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"Preserved in musical formaldehyde,
and that's how we like 'em." This more
or less sums up the rapturous welcome Japan has afforded German
techno giants Kraftwerk in recent tours. Following an ecstatically
received visit in 1998, their first to Japan in years, the
quartet quickly returned to headline the Electraglide festival
in 2002, and at the end of this month they're back
for a five-date Tokyo run.
Since returning to regular touring in the new millennium,
Kraftwerk ("Power Station") haven't tinkered
with the sound they first laid on an unsuspecting world with
the genre-defining Kraftwerk 1 in 1971. On the contrary, the
times have come back around to make the brittle yet beautiful
techno they composed on early Moog synthesizers sound right
in the moment. Recent waves of electronic revival music like
electroclash have only served to confirm the visionary nature
of Kraftwerk's innovations.
Sticking to the musical vocabulary they created, the German
quartet's only concession to the present is the use
of laptops instead of bulky synthesizers. At the packed 2002
Electraglide in the appropriately futuristic Makuhari Messe
convention center, even their new songs sounded old-perhaps
that's because some of them were.
Last year's Tour de France Soundtracks, their most
recent disc and first in 15 years, actually had its genesis
in a "Tour de France" single Kraftwerk released
in 1983. Reworking the song for the centenary 2002 Tour de
France, the band ended up recording a whole album based on
bicycling themes. Inveterate bicyclists themselves, Kraftwerk
gave the songs titles like "Titanium" and "Chrono."
Media-shy and garbed on stage in robot suits that efface their
individuality, Kraftwerk from the start looked beyond the
age of the pop idol to one in which the technology of creation,
more than the creators, is celebrated. Founding members Florian
Schneider and Ralf Htter met in the late '60s
as classical music students at the Dusseldorf Academy and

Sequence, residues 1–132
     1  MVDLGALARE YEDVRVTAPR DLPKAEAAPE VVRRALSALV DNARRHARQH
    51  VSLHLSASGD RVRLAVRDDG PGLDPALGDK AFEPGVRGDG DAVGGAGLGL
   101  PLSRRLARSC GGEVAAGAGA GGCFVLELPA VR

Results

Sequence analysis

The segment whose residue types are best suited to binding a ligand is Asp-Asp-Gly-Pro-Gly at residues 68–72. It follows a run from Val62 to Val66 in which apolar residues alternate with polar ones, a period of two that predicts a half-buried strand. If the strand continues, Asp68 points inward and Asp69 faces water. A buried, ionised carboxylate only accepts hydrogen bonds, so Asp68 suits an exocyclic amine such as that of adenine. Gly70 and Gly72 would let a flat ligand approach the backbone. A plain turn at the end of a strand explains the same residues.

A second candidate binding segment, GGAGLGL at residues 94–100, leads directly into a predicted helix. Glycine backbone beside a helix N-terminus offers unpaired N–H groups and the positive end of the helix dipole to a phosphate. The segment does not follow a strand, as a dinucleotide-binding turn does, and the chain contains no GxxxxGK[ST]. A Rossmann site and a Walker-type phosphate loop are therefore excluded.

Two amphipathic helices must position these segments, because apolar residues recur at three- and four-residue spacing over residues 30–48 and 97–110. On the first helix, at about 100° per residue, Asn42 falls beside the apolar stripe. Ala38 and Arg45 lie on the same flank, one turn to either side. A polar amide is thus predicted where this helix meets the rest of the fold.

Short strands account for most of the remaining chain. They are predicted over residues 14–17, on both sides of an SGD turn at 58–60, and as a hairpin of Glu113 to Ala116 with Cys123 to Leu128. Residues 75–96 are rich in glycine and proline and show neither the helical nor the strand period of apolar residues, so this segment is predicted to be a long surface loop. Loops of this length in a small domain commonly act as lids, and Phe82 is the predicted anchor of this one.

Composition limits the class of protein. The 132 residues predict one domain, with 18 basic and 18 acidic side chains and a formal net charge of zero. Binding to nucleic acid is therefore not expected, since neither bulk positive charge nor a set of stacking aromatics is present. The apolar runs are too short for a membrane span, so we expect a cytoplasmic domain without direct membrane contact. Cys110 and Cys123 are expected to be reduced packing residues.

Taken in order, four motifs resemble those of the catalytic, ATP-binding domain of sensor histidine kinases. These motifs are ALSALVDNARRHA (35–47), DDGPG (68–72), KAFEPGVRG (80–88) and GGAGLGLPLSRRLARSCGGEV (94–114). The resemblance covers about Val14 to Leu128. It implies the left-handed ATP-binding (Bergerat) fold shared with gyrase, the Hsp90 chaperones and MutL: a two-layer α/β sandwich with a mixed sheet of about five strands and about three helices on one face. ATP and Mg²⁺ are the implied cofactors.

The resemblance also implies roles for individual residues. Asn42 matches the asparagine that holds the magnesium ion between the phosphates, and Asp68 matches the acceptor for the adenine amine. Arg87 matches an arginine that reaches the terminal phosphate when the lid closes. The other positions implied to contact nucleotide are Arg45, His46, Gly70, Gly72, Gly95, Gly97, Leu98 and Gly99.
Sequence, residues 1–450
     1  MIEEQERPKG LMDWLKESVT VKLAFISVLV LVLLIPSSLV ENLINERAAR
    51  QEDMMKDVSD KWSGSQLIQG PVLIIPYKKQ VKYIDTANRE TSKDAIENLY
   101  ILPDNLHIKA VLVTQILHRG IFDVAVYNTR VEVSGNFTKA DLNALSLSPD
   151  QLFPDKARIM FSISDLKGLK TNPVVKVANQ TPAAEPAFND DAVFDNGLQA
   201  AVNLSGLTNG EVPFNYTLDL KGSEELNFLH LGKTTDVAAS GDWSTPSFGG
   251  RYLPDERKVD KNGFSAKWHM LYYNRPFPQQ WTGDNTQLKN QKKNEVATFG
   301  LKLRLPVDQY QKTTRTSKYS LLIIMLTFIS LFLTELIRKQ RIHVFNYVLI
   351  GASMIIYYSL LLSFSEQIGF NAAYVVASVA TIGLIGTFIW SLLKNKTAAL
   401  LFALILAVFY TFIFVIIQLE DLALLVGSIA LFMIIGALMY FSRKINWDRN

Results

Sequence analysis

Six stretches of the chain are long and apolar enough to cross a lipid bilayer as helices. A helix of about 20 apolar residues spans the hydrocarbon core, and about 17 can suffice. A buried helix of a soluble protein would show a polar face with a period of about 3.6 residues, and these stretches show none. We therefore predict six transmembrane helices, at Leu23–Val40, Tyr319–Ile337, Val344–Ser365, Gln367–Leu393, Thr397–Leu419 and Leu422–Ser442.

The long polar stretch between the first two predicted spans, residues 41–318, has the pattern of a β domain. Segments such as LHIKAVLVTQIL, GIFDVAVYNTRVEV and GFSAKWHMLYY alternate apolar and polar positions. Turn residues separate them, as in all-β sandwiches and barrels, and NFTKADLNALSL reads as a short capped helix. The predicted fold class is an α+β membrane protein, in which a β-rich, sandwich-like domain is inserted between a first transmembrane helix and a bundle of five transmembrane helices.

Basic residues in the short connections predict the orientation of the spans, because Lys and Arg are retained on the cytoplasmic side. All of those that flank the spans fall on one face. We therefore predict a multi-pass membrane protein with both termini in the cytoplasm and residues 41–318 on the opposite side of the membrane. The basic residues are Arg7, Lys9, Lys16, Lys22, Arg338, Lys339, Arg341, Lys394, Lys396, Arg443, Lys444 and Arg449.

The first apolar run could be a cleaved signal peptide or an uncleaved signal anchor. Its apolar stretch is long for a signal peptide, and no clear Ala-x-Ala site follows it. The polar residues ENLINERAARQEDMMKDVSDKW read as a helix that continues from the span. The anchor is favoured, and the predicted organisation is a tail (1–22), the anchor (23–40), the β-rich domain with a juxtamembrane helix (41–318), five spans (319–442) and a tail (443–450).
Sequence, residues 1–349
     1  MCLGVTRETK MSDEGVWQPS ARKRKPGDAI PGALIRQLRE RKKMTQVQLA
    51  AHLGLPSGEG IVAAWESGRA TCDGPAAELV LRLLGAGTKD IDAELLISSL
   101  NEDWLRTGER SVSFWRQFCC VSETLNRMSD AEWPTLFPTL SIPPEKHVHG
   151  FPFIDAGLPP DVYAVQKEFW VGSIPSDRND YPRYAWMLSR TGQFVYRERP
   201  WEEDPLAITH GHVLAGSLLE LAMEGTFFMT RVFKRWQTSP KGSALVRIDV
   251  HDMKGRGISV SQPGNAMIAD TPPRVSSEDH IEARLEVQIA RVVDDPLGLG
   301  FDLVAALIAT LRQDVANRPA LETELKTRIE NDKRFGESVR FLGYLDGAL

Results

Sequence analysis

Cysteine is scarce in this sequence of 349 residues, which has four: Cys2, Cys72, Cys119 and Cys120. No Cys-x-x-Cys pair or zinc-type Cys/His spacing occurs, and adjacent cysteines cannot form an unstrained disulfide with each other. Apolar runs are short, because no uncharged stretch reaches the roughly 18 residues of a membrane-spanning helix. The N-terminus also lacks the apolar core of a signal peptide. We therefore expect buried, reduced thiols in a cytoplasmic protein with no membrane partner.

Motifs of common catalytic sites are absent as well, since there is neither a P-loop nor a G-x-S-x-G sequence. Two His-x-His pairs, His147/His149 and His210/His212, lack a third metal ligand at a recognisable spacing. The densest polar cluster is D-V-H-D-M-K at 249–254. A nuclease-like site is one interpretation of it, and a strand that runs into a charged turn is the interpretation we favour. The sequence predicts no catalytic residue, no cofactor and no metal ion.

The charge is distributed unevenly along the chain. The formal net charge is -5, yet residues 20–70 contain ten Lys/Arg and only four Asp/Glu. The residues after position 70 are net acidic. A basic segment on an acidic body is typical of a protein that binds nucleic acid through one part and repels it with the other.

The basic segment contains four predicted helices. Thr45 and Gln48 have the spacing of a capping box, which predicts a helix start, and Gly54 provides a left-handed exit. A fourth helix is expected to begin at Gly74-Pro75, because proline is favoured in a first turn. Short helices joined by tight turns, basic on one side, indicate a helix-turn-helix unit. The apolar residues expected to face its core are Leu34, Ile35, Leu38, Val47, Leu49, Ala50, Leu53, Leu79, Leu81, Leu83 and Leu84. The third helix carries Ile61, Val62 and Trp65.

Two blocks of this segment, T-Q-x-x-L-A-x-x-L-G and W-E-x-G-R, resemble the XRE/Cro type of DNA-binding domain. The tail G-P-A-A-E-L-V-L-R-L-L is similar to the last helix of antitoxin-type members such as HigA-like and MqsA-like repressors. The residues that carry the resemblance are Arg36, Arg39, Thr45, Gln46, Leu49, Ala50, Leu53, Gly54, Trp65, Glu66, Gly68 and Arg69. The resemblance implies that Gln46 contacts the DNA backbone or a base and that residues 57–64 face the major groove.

soon began exploring electronic music as part of the German
experimental scene that also spawned Can and Tangerine Dream.
Kraftwerk 1 and its 1972 follower Kraftwerk 2 set the template
for contemporary electronica: the drummer was replaced by
a sequencer (built by Schneider in their Kling Klang studio),
the vocalist by sampled snippets of voice, and the verse-chorus-verse
pop tune structure with a simpler, hypnotically repetitive
It was with 1974's Autobahn that Kraftwerk made their
mark. The album was their first to be released in the US,
and charted high there and worldwide on the strength of the
title track. It also marked the beginning of the group's
succession of concept albums, with 1975's Radio-Activity
exploring radio communication, 1977's Trans-Europe
Express train travel, and 1978's The Man Machine the
world of robots.
Following 1981's prescient Computer World, an exploration
of an existence dominated by technology, they went into a
period of quiescence that, until the single "Expo 2000"
appeared in 1999, was broken only by 1986's Electric
Notwithstanding the consistency of their sound over the decades,
Kraftwerk aren't oblivious to intervening developments.
Ray Hearn, of Electraglide promoter Beatink, says they're
in tune with the times. "I thought they would be more
insular, but they're so much more aware of other acts
than most bands I've worked with," he said.
"They're genuinely aware of all the phases electronica
has been through, and are far more contemporary than people
half their age."
With electronica lacking direction and dogged by the superstar
DJ syndrome, Kraftwerk continue to remind us that electronic
music was firstly about technological communion-not
eye-popping DJ fees and celebrity remixes.
Kraftwerk play Zepp Tokyo on February
28-29 and Shibuya AX on March 2-4. See concert listings for
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